ROCK SPRINGS — A Rock Springs woman recently fell victim to a telephone scam that is once again circulating in Sweetwater County.
Lowell said that swindlers are calling people, identifying themselves as deputies, and are even using the phony name “Deputy Cook.” (Lowell said there is no “Deputy Cook” employed by the Sweetwater County Sheriff’s Office and pointed out that scammers often use a false last name – often selected at random – to lend credibility to the con.)
The callers are telling their intended victims that a warrant has been issued for their arrest for failing to report for jury duty and they are liable to be taken into custody at any time.
The swindlers are directing the persons they call to go to a convenience store or other retail outlet and there purchase a “green dot card” (a debit card), with which they must pay a $2,000 fee to avoid arrest.
During their phone calls with their intended victims, the swindlers sound very authentic, often know some details about the person they are calling, and provide other details, such as a fake “case number” and the Sweetwater County Courthouse’s address in Green River.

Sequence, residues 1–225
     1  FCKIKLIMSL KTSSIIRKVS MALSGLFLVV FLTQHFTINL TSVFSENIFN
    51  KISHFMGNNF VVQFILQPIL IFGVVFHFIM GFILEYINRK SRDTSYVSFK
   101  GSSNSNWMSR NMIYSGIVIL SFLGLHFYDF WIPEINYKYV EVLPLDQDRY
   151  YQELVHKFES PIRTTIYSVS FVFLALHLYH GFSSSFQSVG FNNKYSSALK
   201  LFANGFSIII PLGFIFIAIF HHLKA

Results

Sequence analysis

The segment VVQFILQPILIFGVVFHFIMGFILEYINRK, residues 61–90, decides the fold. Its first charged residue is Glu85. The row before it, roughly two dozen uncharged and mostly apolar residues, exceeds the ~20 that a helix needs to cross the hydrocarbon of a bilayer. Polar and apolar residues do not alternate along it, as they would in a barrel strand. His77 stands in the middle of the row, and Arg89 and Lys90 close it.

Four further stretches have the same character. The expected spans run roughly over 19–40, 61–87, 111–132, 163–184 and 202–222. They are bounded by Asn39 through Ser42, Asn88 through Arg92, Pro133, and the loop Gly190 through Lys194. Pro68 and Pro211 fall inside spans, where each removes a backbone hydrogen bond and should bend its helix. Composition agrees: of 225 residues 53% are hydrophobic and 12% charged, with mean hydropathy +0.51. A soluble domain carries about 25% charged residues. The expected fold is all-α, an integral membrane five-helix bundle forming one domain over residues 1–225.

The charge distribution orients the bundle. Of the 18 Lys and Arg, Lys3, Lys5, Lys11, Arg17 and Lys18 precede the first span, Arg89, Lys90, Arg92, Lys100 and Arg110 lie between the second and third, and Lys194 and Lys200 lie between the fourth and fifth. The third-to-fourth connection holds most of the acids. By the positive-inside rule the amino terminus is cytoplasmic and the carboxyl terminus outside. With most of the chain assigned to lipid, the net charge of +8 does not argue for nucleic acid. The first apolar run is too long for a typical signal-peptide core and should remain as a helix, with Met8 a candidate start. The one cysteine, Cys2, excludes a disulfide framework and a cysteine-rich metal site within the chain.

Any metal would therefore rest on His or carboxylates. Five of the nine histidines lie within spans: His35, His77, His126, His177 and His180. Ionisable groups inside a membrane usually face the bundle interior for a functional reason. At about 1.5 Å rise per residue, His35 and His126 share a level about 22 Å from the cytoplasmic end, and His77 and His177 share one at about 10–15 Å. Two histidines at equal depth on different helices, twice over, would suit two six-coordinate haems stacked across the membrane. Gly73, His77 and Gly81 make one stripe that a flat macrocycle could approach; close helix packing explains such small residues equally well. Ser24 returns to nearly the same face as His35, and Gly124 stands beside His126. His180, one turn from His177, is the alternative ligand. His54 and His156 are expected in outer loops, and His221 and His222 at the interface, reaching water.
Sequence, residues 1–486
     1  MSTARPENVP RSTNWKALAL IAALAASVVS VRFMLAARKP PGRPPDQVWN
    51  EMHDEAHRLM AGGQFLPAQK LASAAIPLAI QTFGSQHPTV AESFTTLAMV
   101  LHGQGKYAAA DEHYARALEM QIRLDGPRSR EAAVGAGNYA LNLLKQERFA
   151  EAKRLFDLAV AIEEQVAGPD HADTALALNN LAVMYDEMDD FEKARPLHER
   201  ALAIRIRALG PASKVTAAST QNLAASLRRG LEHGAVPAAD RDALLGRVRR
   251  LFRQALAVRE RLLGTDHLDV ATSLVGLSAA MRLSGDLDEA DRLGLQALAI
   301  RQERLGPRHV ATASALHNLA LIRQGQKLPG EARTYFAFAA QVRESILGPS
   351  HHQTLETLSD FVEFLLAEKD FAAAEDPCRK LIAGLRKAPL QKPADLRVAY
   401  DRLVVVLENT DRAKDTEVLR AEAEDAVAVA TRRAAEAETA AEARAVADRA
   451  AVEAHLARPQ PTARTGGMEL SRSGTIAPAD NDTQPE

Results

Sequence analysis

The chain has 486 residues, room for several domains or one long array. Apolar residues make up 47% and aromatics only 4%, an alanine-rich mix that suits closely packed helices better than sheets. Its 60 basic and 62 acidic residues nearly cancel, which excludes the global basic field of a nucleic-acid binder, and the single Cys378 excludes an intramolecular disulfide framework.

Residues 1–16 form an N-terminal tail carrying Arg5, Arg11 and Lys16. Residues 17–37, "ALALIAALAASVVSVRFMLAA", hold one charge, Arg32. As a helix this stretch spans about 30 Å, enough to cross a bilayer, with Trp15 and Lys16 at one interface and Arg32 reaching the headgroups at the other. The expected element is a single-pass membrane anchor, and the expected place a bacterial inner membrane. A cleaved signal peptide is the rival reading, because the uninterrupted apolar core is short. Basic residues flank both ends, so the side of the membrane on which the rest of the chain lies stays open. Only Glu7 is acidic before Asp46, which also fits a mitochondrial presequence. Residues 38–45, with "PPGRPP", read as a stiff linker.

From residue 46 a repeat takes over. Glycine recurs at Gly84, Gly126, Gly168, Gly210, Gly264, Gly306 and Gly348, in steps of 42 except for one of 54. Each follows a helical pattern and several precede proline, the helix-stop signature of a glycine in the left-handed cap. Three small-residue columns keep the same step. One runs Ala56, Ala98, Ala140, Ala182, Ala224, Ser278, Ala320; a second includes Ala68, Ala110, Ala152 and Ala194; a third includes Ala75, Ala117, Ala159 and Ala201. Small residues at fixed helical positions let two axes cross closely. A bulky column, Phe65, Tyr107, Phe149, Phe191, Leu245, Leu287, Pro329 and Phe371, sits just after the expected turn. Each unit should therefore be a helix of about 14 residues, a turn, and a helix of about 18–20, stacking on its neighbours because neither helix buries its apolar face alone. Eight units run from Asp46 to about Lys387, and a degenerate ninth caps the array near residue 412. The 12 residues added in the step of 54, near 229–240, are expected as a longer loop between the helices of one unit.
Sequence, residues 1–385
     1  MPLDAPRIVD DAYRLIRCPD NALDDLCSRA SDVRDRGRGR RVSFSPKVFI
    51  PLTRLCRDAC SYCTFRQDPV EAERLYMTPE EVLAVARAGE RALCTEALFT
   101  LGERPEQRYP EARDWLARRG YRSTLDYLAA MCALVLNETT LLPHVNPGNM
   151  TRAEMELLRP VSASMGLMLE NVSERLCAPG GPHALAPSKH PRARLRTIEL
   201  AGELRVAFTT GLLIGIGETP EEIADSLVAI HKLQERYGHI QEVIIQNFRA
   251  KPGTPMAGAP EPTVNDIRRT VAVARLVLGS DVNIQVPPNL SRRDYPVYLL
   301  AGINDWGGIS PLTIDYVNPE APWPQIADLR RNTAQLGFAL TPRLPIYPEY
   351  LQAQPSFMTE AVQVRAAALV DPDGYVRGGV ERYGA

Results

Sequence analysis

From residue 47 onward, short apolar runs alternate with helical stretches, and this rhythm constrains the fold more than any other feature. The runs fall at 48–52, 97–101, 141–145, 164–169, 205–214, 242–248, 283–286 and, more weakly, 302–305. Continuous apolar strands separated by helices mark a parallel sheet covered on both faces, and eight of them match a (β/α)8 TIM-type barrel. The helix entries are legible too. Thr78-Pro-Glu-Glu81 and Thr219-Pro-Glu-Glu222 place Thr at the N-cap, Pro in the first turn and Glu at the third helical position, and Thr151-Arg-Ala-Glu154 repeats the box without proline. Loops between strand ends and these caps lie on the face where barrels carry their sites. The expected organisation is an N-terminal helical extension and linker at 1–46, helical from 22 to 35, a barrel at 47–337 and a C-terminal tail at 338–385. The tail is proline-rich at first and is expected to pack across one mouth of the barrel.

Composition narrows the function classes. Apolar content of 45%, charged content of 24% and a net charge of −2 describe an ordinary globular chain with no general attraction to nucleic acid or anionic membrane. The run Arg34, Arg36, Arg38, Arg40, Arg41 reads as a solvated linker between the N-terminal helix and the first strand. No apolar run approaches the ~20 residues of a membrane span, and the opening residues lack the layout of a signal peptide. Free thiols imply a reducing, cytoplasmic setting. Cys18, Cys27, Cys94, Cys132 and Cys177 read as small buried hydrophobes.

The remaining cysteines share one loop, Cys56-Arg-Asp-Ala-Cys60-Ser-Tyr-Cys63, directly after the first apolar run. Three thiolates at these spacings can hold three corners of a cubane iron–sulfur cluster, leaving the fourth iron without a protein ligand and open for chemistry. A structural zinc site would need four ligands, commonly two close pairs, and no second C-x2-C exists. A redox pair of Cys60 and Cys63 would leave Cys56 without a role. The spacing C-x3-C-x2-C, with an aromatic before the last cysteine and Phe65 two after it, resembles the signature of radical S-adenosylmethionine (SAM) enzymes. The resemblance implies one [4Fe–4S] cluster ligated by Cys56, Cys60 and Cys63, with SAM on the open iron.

“It’s all part of the scam, to make it look more convincing,” Lowell warned. He emphasized that, first of all, no agency of the criminal justice system is going to call to demand money or payment for fines, missed jury duty, overdue traffic tickets, etc.. If you receive a call like this, make a note of the agency or department that the caller claims to be with and also note the number that appears on your caller ID.
Next, hang up, then follow up, using the information you’ve noted. Check with the organization the caller claimed to be with. And most important of all, NEVER provide such a caller with any personal or financial information.
“We need to get the word out on this as far and as quickly as possible,” Lowell said. “To avoid others being victimized, please help us get this warning out, especially via social media.”
Lowell also said it’s particularly important to make family members or friends who are seniors aware of the scam, as they are often especially targeted.
For more information on this and many other fraud schemes, law enforcement officials recommend the FBI website.